Today I am doing parts 1 of my review of the Mellow Super HV control board. It’s a 32 bit board with WiFi, 8 stepper driver slots and, the key new feature, the ability to use much higher voltage inputs for the stepper drivers. It is compatible with Marlin, RepRapFirmware and Klipper and has an absolute shed load of IO options for accessories such as fans, filament run out sensors etc.
DISCLAIMER: This product was provided free of cost in return for a review and content production.
1 x Mellow Super HV – Aliexpress
The board arrived in your typical aliexpress brown packaging and inside was a neat blue box feature the Mellow branding and 2 clear containers which held the stepstick options I had selected. (2 high voltage TMC5160’s and 6 regular TMC2209’s)
Inside the box the board was nicely protected and I discovered a little bag of goodies!
So here is a list of all the extras bits that come with the board:
- RPi power from Mellow super adapter
- short USB C cable
- Connector for EVERY connection on the board + pins
- Crimp spades terminals for the power inputs/heated bed
- Jumpers for stepper settings
- Replaceable fan MOS boards
- Sticker for power terminal block
- Wifi antenna
- Instruction manual (for getting up and running with RepRapFirmware)
This list of extras is a nice touch. It means that you have everything you need to wire up the control board and get going except for the SD card. Honestly it would of been an awesome touch to include a pre-flashed sd card so that you could connect up the power and be going instantly but this isn’t something I’ve seen reliably happen from any company other than the Duet team.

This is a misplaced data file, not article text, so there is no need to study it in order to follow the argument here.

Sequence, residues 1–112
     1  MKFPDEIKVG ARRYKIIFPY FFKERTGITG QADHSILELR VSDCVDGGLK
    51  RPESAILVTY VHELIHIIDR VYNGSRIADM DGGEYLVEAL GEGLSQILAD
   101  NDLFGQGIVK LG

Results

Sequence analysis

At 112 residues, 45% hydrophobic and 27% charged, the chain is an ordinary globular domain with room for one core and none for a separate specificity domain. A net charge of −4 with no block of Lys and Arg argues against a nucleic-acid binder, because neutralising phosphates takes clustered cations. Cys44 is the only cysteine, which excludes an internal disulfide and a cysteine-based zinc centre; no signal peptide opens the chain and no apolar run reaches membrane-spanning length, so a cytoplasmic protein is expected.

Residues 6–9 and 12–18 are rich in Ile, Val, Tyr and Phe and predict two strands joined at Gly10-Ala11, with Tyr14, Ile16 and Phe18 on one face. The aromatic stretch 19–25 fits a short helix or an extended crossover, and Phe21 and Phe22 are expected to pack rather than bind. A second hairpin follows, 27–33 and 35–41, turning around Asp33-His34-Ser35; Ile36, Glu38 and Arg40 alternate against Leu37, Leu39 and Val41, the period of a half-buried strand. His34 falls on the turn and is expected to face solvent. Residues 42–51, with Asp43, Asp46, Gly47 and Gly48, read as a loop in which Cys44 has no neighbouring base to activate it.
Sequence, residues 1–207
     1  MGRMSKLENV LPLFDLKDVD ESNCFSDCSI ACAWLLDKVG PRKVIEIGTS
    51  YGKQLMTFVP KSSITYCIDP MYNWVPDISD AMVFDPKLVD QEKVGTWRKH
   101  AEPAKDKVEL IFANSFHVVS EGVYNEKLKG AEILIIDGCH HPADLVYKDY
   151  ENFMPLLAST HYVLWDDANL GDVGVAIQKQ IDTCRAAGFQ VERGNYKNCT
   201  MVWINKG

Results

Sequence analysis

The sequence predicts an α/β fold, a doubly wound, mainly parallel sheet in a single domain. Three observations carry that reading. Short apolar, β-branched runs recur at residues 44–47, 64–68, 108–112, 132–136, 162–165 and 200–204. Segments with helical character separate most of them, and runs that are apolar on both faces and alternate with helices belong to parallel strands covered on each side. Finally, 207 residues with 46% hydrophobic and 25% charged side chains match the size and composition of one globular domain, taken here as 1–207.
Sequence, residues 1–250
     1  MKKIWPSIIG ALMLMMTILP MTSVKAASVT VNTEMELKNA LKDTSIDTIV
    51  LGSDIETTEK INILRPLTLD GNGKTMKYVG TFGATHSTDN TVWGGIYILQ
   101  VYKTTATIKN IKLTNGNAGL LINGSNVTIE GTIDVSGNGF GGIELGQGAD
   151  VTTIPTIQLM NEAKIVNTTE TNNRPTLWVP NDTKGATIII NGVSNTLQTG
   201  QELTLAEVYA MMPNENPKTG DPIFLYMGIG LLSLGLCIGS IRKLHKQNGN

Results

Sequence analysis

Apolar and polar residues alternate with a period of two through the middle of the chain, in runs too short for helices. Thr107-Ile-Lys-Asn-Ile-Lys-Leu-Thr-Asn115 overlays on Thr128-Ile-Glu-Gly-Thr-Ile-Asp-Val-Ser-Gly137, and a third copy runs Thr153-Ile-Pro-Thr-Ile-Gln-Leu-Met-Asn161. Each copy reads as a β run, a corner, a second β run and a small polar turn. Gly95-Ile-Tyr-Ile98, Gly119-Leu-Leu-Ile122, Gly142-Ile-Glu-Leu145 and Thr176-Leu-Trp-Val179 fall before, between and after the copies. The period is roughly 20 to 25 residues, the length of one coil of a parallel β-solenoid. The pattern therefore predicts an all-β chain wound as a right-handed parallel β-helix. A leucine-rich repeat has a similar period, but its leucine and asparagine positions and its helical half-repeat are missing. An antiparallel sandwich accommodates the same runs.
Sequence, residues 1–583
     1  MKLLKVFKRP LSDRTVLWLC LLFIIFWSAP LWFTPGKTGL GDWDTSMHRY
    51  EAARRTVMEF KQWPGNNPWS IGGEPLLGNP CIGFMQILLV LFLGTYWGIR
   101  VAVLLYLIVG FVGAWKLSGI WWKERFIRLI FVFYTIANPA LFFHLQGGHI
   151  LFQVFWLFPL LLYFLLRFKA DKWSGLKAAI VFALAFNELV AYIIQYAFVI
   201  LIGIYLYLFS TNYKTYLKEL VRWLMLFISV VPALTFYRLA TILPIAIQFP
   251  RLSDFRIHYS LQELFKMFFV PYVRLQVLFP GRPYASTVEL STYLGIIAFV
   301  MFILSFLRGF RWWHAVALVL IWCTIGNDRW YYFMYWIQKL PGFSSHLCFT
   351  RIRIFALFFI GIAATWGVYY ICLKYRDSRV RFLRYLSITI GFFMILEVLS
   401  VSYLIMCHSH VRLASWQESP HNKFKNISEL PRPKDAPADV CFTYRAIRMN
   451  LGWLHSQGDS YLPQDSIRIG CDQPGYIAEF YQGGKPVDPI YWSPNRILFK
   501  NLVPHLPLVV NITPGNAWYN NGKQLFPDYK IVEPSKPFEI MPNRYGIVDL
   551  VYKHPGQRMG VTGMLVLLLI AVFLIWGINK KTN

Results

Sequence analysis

Looking at the board itself as someone who is by no means an expert in PCB layout or manufacture. The layout is nice – connectors are kept as close to the edges as possible which is nice for keeping your wiring layout neat. Things are grouped by functionality making it quite easy to know what each part is going to do but will require you to be a bit more careful when swapping connectors around as for example the end stop for x isn’t groups with the x axis driver. This is a minor point though and I’d pick a neater layout over that grouping. The solder joints all look nice and clean and there are large built in heatsinks on the backside of the board providing cooling to the chips which switch the 5 heater channels and heated bed channel.
Overall first impressions are good. My plan with this board is as follows:
- Get board up and running with RRF (test how easy it is following their instructions!)
- Swap firmware over to Klipper – Specifically the RatOS branch used for the VCore3 as this is the intended machine for this board. Provide writeup detailing how to achieve this.
- Short term review running this board with Klipper at 24V for all steppers
- Long term review running this board with Klipper
- Pushing the speed limits by swapping in a high voltage supply for the X and Y axis!
I hope you enjoyed my unboxing post. Stay tuned!